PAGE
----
near-infrared radiation


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near-infrared radiation

[′nir ‚in·frə′red ‚rād·ē′ā·shən]
(electromagnetism)
Infrared radiation having a relatively short wavelength, between 0.75 and about 2.5 micrometers (some scientists place the upper limit from 1.5 to 3 micrometers), at which radiation can be detected by photoelectric cells, and which corresponds in frequency range to the lower electronic energy levels of molecules and semiconductors. Also known as photoelectric infrared radiation.
References in periodicals archive ?
Scattering has been a limiting factor in the use of light and near-infrared radiation to image the body.
The team demonstrated a flexible electrochromic device, which means a small electric charge (about 4 volts) can lighten or darken the material and control the transmission of heat-producing, near-infrared radiation.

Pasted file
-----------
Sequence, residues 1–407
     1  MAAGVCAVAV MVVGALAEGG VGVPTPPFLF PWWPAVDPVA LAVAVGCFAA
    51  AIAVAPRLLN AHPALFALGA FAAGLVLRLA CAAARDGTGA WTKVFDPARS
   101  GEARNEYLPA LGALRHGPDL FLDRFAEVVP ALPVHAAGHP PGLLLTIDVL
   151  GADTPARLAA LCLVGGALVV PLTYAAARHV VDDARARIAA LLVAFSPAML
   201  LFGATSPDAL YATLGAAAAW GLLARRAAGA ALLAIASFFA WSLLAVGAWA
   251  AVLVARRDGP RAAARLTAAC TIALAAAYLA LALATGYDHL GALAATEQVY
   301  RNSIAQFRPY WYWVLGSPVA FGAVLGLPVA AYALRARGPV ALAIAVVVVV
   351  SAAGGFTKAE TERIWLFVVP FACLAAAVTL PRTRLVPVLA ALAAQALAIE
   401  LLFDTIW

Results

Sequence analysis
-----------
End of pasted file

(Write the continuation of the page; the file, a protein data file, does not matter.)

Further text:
The tubes, when non-invasively exposed to laser-generated near-infrared radiation, respond by vibrating, creating heat.
Because of its large size, the camera can detect near-infrared radiation from a given region of the sky more than 50 times faster than the detector that McMahon and Hu used at Keck I.
When longer wavelengths of visible light and near-infrared radiation pass into the eye, they are absorbed by the dark pigment epithelium below the retina.